Letter to the Editor-Student calls out photo thief



I have been contemplating whether or not to write this letter for a few months, mainly because the incident happened at the end of the Fall 2013 semester. It revolves around the unauthorized misappropriation, or theft, to bluntly state it, of one of the photo- graphs I submitted for the Brookhaven Photography Student Exhibition last semester. Although I may never see it again, I would like to explain why the picture is so important to me and send a few words to Miss “A,” the person who took my image.

The image was shot on Saturday, Oct. 12, 2013, at the State Fair of Texas. It was the second time I had been to the fair and my first trip with the Instant Film Society, a local group dedicated to promoting the use of instant film photography. After the group left the fairgrounds for the day, I decided to walk around and take some images for my photography class. As I walked around, I spotted the Top o’ Texas Tower gracefully rising into the sky. I quickly decided that I would take a picture of it, but it had to be just right. I sat next to the fence around the ride and waited for the clouds to be just right and the observation deck to be at the exact height I wanted. About an hour later, everything aligned precisely, and I took the shot.

A few weeks later, as I started gathering my best images to receive feed- back on which I should submit for the student exhibition, I was told that this particular image could work if I was able get the clouds to pop out.  I contemplated whether or not to print the image because it seemed to me that I was facing a challenge beyond my darkroom printing skills at the time. I went on to printing the frame once to see the results. Then again, using dodging and burning techniques to make the sky a little darker so the clouds would be visible. After that, something came over me, and I kept making prints until I got the results I wanted. With each attempt, I got varying or unacceptable results. Eight attempts later, I had the perfect print.

A few days before the exhibition was taken down, I heard one of my prints had been taken by someone who left a note that read, “I loved this so much, I had to take it! Sorry, not sorry – ♥ A.” I was shocked. I did not know whether to be mad, because someone actually loved my image so much that they just took it. From the note, it became evident that the thief was probably a girl. There was some writing in pink marker along with detail in blue pen. That also led me to think whoever set their eye on the print actually thought about what they were going to do.  The print must have invoked some feeling so strong they were compelled to risk getting in trouble for stealing it. So I have a few words for this person if she is reading this:

Miss “A,” It’s obvious that the print of the Top o’ Texas Tower you took off the student exhibition wall means some- thing to you, otherwise you would not have taken it, and I’d still have it. It probably means more to you in some ways than it did to me. There are a few things that might make you appreciate your stolen treasure more.

The print is a real silver gelatin black-and-white print made in a dark- room and was taken with a 35mm film camera. What does that mean? Well, it means that the entire process was done the old-fashioned way: I shot the image, developed the film and made the print myself with no machines or computer assistance. The print itself took several attempts to get just right to submit for the exhibition. Each attempt translates to about half an hour, from planning the image to developing to drying.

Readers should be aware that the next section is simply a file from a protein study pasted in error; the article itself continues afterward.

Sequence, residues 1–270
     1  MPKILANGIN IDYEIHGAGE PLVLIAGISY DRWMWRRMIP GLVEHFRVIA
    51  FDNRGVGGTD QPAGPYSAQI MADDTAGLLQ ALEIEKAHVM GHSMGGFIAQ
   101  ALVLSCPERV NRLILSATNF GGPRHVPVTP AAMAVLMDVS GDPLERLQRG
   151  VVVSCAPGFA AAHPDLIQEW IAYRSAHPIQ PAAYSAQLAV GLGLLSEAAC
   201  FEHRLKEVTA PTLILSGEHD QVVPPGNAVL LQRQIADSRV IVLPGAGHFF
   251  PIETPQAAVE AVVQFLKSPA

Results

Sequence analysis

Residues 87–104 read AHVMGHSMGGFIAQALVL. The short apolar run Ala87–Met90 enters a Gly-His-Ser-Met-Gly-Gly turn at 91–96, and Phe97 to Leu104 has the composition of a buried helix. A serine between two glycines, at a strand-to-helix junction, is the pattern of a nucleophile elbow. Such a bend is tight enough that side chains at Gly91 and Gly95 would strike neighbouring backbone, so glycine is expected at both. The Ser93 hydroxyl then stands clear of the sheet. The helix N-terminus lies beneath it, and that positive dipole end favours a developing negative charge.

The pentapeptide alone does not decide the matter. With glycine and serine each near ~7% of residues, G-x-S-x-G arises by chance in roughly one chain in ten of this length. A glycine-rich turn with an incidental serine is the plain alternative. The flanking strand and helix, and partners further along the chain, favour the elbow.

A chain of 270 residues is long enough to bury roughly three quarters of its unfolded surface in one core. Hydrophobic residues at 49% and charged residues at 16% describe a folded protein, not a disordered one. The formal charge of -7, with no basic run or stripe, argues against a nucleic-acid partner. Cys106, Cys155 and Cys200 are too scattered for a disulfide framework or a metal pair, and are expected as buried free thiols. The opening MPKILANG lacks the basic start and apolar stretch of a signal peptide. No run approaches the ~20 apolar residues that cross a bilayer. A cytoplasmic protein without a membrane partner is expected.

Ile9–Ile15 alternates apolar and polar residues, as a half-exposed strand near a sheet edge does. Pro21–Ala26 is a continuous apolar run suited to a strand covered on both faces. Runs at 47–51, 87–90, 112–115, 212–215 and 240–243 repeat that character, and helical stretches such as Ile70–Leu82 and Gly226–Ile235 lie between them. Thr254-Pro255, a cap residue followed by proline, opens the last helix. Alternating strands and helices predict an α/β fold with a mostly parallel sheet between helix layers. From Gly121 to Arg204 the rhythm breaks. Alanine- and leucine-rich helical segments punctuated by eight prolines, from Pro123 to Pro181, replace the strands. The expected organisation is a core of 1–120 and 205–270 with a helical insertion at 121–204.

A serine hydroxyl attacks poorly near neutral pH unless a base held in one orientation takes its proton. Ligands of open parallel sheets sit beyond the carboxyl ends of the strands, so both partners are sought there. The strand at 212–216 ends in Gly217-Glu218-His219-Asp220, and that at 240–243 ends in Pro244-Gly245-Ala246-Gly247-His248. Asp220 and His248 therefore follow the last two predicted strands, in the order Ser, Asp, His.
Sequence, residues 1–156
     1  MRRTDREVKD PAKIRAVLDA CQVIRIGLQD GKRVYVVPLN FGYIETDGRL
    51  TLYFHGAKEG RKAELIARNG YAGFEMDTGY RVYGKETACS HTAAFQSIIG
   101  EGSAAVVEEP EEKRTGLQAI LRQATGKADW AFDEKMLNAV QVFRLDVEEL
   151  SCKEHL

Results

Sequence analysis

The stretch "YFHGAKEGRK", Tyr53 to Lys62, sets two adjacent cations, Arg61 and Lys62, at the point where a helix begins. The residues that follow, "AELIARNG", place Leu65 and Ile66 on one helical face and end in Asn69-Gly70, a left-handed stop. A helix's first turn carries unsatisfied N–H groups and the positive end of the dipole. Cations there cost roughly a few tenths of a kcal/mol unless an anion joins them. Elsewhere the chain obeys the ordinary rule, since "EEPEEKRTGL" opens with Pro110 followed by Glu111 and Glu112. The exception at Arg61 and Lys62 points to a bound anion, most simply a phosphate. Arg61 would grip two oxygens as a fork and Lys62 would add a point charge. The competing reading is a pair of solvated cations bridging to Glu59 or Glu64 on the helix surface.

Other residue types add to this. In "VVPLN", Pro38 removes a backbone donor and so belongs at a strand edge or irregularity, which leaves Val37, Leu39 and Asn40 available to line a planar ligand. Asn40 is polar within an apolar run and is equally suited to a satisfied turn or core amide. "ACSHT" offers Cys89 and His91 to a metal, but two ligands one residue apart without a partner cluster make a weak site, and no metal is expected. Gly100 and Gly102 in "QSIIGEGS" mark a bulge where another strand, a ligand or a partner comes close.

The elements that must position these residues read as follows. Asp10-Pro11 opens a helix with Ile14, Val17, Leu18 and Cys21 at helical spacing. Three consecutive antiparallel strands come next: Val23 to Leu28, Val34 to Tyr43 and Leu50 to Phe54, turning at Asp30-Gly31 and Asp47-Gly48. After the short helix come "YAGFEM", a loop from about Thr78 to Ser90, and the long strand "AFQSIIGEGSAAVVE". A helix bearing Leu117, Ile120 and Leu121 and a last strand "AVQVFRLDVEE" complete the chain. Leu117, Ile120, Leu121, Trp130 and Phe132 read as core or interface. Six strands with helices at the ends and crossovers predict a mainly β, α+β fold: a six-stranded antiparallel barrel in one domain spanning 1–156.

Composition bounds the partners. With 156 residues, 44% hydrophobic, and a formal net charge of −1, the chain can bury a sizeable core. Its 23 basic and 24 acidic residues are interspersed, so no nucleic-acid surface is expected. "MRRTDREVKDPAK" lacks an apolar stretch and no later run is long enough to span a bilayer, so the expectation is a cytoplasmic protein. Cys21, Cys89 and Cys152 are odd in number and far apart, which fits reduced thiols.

Why so long? Because through very careful planning, the background had to be exposed for additional time to make the clouds darker using a process called burning. Variations are done by allowing more or less light to reach the paper, making parts of the image darker or lighter, respectively. Additionally, I was not always able to see minor, but visible, defects in the lighting of the prints until they were brought out into daylight – the prints were made in the darkroom photography lab. The hardest parts were the gaps where the sky peeks through the observation deck.

Besides taking more time and effort to create than the other four entries I submitted combined, the final image had a certain aesthetic and futuristic feel to it that made it my most prized entry to the exhibition. The clouds were perfect, and I was able to create a perfect gradient of the shadow from the bottom side of the observation deck. I do have the other prints. A couple are OK, but none come close to the print you took.

I guess what I want you to under- stand is that the print is one-of-a-kind. I did not just click a few buttons and print it. In fact, I was not able to achieve the same results in Photoshop. I carefully planned the image each time I tried to print it. The results are not easily reproduced. I may not ever be able to make another just like it.

I hope you understand the significance of that print. Although I am no longer upset and realize I may never see it again, I do have a request: I submitted it to the student exhibition so others could see it because I was so proud of what I had created, so give it its rightful place and display it where it can be seen and enjoyed by others.

P.S. I do thank you for leaving a note behind. It was kind of cute.  And at least I know what happened to the print. I know you have it and that it was probably not trashed by accident. I will keep your note as a memento of what you did. But it does not in any way make up for just taking my work.

— Jubenal Aguilar